Benigno Aquino III obituary

A chain-smoking bachelor with a penchant for Coca-Cola and video games, Benigno Aquino III, who has died aged 61 of renal failure as a result of diabetes, attracted as much attention for his lifestyle habits as for his political successes as Philippine president from 2010 until 2016, among them reviving the economy, combating domestic corruption and defending his nation’s territory against China in the international court.

The only son of two Philippine greats of democracy, Aquino had never aspired to become president himself. He instead declared it “fate” that he was pushed into the role by virtue of his family’s dynastic history. Both his mother, the former president Corazon Aquino and his father, the assassinated senator Benigno “Ninoy” Aquino, were revered for leading the struggle to restore democracy to the archipelago after decades of dictatorship, with his mother leading the “people power” revolt that toppled the dictator Ferdinand Marcos in 1986.

After his mother’s death plunged the Philippines into mourning in 2009, Aquino, previously regarded by critics as an under-achieving lawmaker, entered the presidential race as a latecomer, rising to power on a wave of public support and vowing to put an end to the scandals, corruption and poverty that once again plagued the Philippines.

Noynoy – or Pnoy – as he was affectionately called by his supporters, sometimes referred to the nation’s problems as biblical burdens that were impossible to solve within one six-year term. But his administration managed to achieve a number of domestic and international successes.

Aquino ushered in reforms that revitalised the Philippines economy to levels not seen since the 1970s, signed into law a heavily opposed reproductive health bill that promised universal access to sex education and contraception, and negotiated a peace deal with the Moro Islamic Liberation Front, the majority-Catholic country’s largest Muslim rebel group. He also took China to the international court in 2013 over its territorial claims in the South China Sea, a case the Philippines won at the Hague three years later.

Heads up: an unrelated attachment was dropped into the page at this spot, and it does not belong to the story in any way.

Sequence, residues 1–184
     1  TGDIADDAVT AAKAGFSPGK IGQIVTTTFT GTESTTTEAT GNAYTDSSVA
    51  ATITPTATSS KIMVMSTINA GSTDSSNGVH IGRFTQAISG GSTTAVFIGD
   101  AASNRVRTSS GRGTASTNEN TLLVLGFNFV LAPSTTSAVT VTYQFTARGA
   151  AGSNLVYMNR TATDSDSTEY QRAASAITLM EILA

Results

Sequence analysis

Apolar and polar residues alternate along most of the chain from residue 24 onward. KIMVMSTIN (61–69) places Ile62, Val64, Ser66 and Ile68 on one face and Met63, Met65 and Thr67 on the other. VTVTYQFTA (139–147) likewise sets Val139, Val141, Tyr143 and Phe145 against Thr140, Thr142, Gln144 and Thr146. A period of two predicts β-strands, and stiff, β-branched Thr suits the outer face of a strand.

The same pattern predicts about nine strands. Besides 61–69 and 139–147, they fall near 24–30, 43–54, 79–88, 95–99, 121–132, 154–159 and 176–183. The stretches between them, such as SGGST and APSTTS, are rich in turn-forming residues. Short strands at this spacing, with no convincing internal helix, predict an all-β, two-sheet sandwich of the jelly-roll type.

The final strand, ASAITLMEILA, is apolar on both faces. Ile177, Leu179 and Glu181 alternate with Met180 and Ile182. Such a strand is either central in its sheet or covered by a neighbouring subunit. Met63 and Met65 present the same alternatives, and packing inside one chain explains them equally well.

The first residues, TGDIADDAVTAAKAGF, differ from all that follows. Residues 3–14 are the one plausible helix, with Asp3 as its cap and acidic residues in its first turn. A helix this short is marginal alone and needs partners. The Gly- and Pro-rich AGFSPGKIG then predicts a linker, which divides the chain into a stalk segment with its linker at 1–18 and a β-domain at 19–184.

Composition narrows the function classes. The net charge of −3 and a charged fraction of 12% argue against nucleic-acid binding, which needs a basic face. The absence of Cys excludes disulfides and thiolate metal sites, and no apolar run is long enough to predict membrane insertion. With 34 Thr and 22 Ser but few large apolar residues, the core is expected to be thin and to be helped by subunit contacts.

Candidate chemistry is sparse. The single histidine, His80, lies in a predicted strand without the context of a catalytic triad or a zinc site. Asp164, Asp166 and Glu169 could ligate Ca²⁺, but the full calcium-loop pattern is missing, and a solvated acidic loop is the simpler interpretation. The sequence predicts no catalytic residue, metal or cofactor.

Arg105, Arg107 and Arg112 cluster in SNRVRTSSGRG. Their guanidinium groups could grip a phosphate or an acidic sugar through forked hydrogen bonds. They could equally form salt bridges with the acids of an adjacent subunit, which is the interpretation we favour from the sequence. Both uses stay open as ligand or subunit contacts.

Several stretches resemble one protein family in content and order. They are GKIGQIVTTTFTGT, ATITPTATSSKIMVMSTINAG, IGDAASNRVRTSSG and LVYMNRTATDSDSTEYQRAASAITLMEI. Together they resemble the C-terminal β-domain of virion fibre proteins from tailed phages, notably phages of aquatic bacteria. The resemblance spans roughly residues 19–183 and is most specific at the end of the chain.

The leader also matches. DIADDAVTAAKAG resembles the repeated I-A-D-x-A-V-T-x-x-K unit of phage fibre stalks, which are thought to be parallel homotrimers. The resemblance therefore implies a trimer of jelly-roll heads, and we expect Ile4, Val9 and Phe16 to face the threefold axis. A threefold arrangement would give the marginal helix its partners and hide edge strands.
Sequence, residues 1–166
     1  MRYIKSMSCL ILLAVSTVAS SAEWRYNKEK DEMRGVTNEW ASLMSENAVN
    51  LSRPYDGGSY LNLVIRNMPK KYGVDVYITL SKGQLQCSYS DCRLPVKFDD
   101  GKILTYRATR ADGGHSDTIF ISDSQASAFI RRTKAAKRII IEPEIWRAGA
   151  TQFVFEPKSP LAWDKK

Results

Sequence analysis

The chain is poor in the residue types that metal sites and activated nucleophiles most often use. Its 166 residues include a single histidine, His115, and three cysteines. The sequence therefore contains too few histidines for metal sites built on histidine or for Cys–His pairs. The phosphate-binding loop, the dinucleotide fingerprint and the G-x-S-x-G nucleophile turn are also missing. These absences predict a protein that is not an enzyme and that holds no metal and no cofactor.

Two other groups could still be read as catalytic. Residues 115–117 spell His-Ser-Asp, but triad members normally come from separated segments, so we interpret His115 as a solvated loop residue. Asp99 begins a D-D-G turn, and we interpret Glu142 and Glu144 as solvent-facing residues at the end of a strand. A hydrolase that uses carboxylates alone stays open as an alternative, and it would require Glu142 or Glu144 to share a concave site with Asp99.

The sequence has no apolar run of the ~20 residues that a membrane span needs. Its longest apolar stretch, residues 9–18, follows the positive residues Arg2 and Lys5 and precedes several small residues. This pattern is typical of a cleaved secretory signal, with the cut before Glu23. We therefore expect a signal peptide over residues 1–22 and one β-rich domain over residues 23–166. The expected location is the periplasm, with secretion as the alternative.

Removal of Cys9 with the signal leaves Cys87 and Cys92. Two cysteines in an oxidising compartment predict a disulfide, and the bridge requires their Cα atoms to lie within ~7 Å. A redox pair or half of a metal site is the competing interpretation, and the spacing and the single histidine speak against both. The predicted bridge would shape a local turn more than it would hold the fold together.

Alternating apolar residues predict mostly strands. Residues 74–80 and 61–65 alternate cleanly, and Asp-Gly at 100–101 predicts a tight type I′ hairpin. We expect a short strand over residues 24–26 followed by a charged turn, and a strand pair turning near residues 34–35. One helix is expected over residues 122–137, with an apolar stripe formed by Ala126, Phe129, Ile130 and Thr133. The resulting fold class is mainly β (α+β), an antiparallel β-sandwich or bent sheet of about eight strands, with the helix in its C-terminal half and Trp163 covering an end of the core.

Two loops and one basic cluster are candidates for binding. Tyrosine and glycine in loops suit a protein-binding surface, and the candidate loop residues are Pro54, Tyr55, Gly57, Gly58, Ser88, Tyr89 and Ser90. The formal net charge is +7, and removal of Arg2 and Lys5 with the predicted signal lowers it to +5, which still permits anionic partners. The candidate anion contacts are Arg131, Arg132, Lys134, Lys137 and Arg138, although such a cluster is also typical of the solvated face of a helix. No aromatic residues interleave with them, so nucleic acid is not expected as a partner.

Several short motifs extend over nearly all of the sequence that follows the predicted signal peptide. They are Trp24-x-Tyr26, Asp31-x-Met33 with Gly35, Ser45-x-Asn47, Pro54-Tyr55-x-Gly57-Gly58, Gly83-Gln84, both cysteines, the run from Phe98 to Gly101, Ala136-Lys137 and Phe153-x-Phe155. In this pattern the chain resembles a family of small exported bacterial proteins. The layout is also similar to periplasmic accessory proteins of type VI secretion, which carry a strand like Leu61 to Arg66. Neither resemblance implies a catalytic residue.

Yet poverty in the nation remained endemic, and Aquino was heavily criticised for his slow response to the 2013 typhoon Haiyan, which killed more than 6,000 Filipinos. Two years later, his administration came under further attack after a botched police operation to capture Muslim rebels left 44 officers dead.

He was criticised for reportedly playing video games during a hostage crisis in 2010, an allegation he denied. A former police officer hijacked a bus in central Manila, and eight tourists and the hijacker were killed during a failed security rescue. Aquino caused outrage by smiling at the press conference.

Born in Manila, Aquino gained an economics degree at Ateneo de Manila University before working in the family’s sugar business in their native Tarlac province, north of the capital. He launched his political career in 1998, spending more than a decade as a congressman and senator, during which time critics said he achieved very little. Aquino was himself shot five times in 1987, when rebel soldiers attempted to overthrow his mother’s presidency. One of the bullets remained embedded in his neck.

Bespectacled, soft spoken and known for being a man of few words, Aquino sometimes baffled the greater public and aroused much speculation in the chatty Filipino press over the future of one of the nation’s most powerful political families. His father was shot dead at Manila airport in 1983 after returning from exile in the US to lead the democracy movement against Marcos. His widowed mother went on to become an adored public figure. Aquino’s uncle served in congress, his aunt was a governor, and one of his rivals in the 2010 presidential election was his cousin.

For a country in which powerful families are often depended upon to fill the absence of centralised authority, Aquino’s bachelorhood put into question the lasting legacy of not only his family’s name, but national peace as well. Despite having a number of girlfriends, Aquino remained single, joking that he had “just been unlucky” with romance.

“I am only human, and thus, I am imperfect,” Aquino said in 2015. “I ran for the presidency despite my discomfort with the trappings of power, because if I passed up on this opportunity to effect real change, I would not have been able to live with myself.” The office is limited to a six-year term and in 2016 Rodrigo Duterte was elected to it

He is survived by four sisters.